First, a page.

Sunny Hills TikToker racks up nearly a million followers in less than a year

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Chloe Lee

It all started when he wanted revenge for a heartbreak.

TikTok poster Anthony Noh, or “lilants,” has racked up 971,000 followers on the platform with at least 5 million views per week while balancing his school life as a senior.

“A girl crushed my heart, and I started making videos to get over her,” Noh said. “TikTok took up a lot of my time, so I thought about her less, but I also always wanted to pursue a content creator lifestyle.”

Since then, he has accumulated a loyal fan base by creating a total of 150 videos ranging from dance to comedy. His most popular TikTok video, receiving over 5.1 million views with over 9,000 comments, starts off with Noh quoting “ay, yo, I’m asian check,” and continues with a compilation of facial expressions, offering different emotions like happy and cute. “Darlin’” by Tobi Lou plays in the background, and his caption reads, “I’m #korean but I wish I was #asian.”

“Though I’m not gifted in art, I’m good at making videos because I’m creative and smart about it,” said Noh, who first started using his smartphone to video record at the age of 17.

Although the app was originally his way of getting over a past love, he plans to continue making videos beyond high school and aims to pursue that as a career — something that many of his peers acknowledge.

“He takes his social media very seriously and always talks about his aspirations and dreams, and it’s cool seeing him grow as a person,” said senior Jacob Won, who first learned about what Noh does when Noh asked where Won got the app’s trending, color changing lights and has known Noh since sophomore year. “Popularity can often have a negative impact on friendships, but nothing has changed between Anthony and me.”

Noh believes that college is a once-in-a-lifetime experience and still plans on attending one in California despite his quick plans for his future career.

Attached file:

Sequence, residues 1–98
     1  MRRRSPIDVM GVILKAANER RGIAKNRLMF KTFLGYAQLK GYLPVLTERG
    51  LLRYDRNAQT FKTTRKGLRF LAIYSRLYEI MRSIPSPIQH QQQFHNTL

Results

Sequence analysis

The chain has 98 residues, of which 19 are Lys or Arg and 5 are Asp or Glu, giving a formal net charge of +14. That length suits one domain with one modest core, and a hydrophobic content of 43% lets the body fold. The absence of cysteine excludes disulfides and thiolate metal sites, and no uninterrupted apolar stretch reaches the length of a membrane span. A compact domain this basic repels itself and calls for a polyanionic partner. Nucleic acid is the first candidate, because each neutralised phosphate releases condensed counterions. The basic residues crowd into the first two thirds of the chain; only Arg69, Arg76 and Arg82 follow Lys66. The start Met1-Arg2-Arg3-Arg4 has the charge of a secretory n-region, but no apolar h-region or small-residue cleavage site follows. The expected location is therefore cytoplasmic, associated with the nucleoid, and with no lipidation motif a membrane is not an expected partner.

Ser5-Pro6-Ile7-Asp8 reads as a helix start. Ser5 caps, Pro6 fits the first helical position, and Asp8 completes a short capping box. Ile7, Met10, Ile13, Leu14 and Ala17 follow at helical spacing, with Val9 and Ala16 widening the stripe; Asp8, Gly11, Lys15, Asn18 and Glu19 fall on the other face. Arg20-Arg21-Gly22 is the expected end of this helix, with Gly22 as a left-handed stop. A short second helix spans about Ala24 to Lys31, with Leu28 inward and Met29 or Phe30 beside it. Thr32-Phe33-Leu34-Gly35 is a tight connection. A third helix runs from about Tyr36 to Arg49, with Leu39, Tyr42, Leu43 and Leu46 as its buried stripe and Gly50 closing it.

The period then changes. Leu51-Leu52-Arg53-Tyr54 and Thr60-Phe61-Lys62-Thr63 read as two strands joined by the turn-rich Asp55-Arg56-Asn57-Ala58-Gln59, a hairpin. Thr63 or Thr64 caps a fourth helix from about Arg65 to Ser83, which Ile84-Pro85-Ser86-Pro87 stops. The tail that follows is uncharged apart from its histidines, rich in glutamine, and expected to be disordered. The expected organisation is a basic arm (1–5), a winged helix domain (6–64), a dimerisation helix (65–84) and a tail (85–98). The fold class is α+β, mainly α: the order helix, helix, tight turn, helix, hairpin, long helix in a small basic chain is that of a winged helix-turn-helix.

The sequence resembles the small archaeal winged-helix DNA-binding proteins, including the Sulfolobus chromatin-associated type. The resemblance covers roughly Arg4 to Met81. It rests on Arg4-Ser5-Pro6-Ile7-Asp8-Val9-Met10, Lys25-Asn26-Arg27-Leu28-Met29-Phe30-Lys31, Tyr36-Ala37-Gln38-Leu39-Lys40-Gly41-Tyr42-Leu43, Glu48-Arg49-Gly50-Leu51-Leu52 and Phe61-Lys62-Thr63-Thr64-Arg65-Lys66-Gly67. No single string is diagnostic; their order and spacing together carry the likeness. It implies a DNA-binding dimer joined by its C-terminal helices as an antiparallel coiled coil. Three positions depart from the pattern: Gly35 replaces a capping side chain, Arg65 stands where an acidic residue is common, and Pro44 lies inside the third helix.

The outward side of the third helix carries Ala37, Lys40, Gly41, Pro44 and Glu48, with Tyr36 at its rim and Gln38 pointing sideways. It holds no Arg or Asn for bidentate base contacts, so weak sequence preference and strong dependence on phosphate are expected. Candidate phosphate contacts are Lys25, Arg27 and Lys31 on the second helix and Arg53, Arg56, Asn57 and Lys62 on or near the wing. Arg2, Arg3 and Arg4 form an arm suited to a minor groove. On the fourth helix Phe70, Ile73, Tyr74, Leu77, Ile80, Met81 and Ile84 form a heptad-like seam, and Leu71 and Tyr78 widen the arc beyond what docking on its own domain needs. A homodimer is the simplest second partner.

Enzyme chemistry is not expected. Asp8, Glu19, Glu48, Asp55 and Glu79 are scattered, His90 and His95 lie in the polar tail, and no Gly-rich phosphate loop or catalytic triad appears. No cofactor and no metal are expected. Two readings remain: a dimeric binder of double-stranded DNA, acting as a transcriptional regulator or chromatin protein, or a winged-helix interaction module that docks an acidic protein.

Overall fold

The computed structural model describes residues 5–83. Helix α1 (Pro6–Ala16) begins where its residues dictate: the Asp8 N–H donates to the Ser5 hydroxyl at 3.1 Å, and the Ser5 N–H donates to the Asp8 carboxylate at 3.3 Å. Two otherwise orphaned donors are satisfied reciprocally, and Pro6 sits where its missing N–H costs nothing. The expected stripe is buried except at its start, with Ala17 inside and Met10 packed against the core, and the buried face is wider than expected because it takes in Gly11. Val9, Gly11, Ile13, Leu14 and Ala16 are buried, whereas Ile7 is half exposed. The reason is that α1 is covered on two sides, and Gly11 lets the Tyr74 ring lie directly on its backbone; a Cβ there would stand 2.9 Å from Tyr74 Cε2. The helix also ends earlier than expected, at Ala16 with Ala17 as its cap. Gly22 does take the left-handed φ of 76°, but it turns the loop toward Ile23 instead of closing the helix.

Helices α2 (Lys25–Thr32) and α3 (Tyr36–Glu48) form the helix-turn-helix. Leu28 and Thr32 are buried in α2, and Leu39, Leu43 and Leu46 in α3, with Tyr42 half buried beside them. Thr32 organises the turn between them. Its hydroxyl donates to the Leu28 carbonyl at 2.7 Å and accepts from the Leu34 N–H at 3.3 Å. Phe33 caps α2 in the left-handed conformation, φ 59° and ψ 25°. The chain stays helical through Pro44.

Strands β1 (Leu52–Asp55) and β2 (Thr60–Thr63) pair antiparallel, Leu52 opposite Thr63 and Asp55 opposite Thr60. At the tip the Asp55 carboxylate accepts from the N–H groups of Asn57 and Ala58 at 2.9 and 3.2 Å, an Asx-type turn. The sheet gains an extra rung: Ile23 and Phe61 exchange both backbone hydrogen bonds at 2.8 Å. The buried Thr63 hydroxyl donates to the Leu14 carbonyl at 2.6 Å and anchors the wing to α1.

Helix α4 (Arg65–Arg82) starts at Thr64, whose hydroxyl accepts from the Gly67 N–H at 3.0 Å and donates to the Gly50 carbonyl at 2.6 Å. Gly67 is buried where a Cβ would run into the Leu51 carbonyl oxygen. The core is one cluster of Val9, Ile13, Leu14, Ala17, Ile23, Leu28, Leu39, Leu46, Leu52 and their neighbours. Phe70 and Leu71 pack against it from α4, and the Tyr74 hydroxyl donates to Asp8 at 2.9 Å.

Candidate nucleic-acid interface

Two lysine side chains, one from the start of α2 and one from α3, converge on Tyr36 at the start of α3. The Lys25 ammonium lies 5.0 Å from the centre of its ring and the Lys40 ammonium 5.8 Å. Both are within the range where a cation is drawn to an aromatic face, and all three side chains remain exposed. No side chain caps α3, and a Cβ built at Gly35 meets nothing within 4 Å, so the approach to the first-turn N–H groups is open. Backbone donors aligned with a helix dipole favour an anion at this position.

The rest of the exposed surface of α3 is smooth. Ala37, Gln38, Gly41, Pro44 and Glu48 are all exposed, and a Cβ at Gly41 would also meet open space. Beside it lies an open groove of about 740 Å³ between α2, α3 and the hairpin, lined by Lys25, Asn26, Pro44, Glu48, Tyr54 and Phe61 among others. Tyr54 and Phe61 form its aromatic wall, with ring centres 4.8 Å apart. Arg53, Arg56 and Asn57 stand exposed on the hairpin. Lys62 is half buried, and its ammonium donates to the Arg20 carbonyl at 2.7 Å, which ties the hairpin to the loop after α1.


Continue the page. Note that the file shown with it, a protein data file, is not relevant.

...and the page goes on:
“I don’t want to be hired, I want to independently create something from my own successes,” he said.

Noh does make money from his TikTok posts, but he prefers to keep the amount he’s earned confidential.

Within the last couple of months, Noh stumbled upon some of his first fan interactions in public and finds it motivating to see that people enjoy watching his clips.

“I was really awkward with the first few interactions but got more relaxed as time went on,” he said. “One time, a mom asked me to take a picture with her daughter while I was going out to eat sushi with my friends, and it was awkward at first, but it made me feel excited in the end because it’s almost like I’m making an impact on people.”

With a stable fan base, the senior says he rarely receives criticism and would not mind even if he did.

“I wouldn’t care about hate unless it was from someone who I admire or care about,” Noh said.

Although multiple events and brands have reached out for collaborations with him since December, he believes in creating his own content that will last in the long run.

“I never saw myself as someone who would work under someone else,” he said. “So I plan on building my own brand up from the ground, and I hope to receive verification on TikTok as soon as possible.”